Max Wind-Cowie is Head of the Progressive Conservatism Project at Demos.
Sayeeda Warsi’s claim, in a speech yesterday, that a switch to AV would empower the BNP has met with a swift and hysterical response from AV supporters. Chris Huhne – Baroness Warsi's colleague in the Coalition Cabinet – has accused her of 'Goebbels-like propaganda' and the Yes campaign is busy asserting to anyone who’ll listen (an increasingly small number of people) that AV would, in fact, make life harder for the BNP.
So, what's the truth about the impact of AV on the character of British politics?
Well I’m no expert – so I can only really go on what the pro-AV campaign told me themselves. I was recently invited, along with a number of progressive conservative writers, policy analysts and think-tankers to a meeting at the official AV campaign HQ to be briefed on why we should support AV. I made it clear, along with other attendees, at the beginning of the meeting that I was as-yet undecided (a state of limbo I can happily report that I’ve emerged from subsequently).
Present was a former Parliamentary Candidate who was there to urge us to support change and to explain why AV would be of benefit to us all. She told us, in no uncertain terms, that she was supporting AV in part because she knew that, had she been able to pick up second preferences from BNP supporters by communicating to them her support for elements of their platform, she would have won her seat.
This was not some fringe candidate – she is a leading AV supporter for one of the three main UK political parties. Her views were not challenged by the other AV supporters in the room – although I have no doubt that they were equally disgusted by her apparent willingness to pander to extremists – and she wasn't called out because she wasn't wrong. No-one can reasonably argue that AV will not incentivise politicians to flirt with extremists – whose supporters’ votes will count more than once as their own candidates are eliminated and their second preferences counted. Be it the BNP, Respect or Islamists parties, AV will encourage candidates from the mainstream to make promises to the fringes.
Of course, Huhne and friends are right in one sense. AV would make it a little harder for the BNP to win a Parliamentary seat. The threshold they would have to break through would make it nigh-on impossible for them to establish a foothold in Westminster seeing as there is no evidence, whatsoever, that there is a constituency in the UK where more than half the population are racists or fascists. But he has fundamentally misunderstood the very real threat that Baroness Warsi is warning of. She understands, as should we all, that the BNP will struggle to break through into Parliament even under the current system – as evidenced by the plain, simple fact that they have been unable to do so thus far.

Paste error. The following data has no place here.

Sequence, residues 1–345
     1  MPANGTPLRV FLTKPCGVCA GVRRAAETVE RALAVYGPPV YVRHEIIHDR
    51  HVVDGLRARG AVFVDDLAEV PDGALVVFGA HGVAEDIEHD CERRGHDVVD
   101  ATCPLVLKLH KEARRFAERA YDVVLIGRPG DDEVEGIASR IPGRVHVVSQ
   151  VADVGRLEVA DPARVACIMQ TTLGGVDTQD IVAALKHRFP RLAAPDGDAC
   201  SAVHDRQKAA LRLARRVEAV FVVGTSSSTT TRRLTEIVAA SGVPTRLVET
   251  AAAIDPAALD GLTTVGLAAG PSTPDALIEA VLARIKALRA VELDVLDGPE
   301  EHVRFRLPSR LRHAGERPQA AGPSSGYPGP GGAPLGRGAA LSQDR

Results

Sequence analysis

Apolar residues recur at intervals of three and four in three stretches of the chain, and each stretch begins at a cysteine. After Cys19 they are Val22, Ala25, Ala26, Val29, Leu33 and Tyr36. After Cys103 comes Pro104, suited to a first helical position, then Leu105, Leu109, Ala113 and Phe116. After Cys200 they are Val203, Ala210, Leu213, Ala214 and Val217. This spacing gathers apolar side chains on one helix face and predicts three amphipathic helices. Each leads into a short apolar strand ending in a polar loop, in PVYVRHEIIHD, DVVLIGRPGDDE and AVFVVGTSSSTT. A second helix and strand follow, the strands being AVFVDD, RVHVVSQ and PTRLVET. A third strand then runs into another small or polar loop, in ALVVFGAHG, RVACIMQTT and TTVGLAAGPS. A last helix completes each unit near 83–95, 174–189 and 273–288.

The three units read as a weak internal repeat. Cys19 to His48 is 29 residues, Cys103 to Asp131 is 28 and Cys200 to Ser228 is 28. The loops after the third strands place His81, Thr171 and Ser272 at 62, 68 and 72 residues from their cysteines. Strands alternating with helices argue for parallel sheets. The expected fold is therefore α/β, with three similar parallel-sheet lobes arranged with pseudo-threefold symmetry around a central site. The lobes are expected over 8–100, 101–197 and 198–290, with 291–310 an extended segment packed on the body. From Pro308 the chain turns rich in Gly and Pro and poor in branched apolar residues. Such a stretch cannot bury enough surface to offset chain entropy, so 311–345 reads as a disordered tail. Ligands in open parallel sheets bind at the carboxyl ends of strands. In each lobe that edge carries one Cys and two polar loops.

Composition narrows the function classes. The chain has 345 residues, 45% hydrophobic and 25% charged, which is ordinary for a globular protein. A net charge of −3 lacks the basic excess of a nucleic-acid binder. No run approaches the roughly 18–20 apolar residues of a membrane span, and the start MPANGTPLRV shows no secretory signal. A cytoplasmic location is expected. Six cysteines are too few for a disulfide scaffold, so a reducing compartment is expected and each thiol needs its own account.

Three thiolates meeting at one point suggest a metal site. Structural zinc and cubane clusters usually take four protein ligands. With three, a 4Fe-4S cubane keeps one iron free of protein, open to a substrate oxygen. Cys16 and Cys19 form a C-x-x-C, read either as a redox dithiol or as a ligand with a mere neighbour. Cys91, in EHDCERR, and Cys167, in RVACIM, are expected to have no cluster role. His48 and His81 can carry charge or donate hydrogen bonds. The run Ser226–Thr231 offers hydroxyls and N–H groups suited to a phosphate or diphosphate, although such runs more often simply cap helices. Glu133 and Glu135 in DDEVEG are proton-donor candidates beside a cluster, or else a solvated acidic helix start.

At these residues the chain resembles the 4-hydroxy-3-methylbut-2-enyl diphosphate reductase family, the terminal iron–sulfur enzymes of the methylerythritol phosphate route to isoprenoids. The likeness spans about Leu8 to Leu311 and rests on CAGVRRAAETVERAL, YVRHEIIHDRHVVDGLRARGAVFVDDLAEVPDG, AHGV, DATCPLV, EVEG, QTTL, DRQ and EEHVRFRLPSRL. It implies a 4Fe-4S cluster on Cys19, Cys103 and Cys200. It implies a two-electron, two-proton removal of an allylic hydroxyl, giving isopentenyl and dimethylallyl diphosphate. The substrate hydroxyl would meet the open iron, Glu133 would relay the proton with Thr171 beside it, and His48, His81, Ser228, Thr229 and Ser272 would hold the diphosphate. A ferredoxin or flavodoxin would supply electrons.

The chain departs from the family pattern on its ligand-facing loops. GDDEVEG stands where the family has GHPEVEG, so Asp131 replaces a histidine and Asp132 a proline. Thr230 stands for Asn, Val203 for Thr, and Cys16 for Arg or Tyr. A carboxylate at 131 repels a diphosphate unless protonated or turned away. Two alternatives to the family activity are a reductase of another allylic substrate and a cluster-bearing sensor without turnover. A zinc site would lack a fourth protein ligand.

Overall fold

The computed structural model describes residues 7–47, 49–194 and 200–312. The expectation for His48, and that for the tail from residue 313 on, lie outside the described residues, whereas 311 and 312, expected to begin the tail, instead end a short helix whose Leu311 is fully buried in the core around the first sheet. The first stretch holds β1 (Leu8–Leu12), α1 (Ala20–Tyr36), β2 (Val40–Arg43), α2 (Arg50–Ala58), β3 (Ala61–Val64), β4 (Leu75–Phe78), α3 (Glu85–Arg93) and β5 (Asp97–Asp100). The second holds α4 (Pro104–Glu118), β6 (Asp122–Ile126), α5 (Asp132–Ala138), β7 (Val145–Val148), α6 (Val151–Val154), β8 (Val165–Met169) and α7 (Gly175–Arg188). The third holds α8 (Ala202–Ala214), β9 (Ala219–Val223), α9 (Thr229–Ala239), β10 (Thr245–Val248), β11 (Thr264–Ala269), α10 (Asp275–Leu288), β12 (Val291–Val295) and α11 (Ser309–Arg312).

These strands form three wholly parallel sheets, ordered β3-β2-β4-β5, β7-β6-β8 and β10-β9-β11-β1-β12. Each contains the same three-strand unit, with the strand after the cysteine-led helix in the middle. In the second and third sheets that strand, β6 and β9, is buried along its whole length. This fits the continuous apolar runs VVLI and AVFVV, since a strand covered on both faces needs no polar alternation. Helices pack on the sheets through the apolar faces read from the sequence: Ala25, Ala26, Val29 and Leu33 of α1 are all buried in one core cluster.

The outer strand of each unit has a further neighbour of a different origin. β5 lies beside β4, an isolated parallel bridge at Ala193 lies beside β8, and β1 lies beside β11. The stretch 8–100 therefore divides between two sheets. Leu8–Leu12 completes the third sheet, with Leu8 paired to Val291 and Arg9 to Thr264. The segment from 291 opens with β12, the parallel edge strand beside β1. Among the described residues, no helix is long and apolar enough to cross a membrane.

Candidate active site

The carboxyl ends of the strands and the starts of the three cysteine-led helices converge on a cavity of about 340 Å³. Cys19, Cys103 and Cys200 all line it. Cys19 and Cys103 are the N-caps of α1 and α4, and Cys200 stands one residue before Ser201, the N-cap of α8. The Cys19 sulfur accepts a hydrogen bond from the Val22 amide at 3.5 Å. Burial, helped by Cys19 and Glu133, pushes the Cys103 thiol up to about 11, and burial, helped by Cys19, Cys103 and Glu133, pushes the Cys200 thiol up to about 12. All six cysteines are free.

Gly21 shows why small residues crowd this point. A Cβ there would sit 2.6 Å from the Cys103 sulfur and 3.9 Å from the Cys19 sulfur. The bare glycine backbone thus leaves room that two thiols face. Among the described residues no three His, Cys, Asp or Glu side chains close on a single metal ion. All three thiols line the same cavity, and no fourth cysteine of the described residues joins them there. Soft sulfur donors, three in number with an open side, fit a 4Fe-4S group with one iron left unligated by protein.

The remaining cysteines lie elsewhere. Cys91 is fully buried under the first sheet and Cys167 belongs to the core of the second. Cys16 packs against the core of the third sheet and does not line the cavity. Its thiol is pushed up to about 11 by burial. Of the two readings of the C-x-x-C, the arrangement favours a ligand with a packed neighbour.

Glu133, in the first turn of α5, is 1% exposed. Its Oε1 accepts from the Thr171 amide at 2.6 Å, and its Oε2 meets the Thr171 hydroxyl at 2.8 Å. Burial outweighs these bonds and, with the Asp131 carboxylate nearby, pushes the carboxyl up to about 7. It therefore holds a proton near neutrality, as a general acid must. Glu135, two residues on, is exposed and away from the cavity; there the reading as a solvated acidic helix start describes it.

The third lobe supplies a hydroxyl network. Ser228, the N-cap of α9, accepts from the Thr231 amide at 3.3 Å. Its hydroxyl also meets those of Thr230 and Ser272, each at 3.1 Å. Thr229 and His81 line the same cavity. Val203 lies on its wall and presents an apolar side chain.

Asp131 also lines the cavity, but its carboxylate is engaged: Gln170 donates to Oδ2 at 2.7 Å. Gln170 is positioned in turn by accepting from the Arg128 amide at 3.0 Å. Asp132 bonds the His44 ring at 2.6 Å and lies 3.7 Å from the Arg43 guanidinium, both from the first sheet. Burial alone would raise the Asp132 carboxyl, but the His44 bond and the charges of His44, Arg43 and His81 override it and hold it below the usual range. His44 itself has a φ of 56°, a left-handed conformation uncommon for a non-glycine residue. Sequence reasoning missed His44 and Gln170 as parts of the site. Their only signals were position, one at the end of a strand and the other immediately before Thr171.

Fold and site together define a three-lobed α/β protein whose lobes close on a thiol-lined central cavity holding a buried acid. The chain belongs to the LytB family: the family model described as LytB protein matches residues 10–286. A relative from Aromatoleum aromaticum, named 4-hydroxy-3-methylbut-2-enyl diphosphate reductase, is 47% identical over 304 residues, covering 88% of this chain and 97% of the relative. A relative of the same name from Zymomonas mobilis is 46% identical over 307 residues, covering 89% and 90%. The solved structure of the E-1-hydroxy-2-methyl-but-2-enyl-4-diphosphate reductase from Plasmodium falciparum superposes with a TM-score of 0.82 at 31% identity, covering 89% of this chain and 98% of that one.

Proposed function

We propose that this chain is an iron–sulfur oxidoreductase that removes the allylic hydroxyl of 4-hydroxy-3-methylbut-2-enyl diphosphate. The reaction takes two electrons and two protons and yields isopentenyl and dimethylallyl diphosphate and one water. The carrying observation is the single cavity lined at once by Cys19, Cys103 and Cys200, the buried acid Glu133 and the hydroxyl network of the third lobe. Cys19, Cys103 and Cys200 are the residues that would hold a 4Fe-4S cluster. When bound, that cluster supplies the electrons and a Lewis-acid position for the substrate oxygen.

The difference, under AV, is that those voters who do lend their support to the BNP will be empowered to influence other parties too. After their first choice – their BNP choice – has been eliminated, their votes will be counted again and again till someone gets 50%. That provides a direct incentive to other candidates, other parties, to pander to that minority who believe in modern-day Nazism. And, on the basis of my strange conversation with a prominent AV supporter, some candidates are planning to do just that.
Some will say this is not really such a bad thing. It will provide a safety-valve for those who feel left out of mainstream politics, it might diffuse anger and resentment at the political class. But whatever your view on whether AV makes politics better or worse, there is no arguing with the fact that it will lend more influence and more power to supporters of extreme politics. And it is fundamentally dishonest for AV supporters to claim otherwise – especially seeing as their own spokespeople are more than happy to acknowledge the truth in private.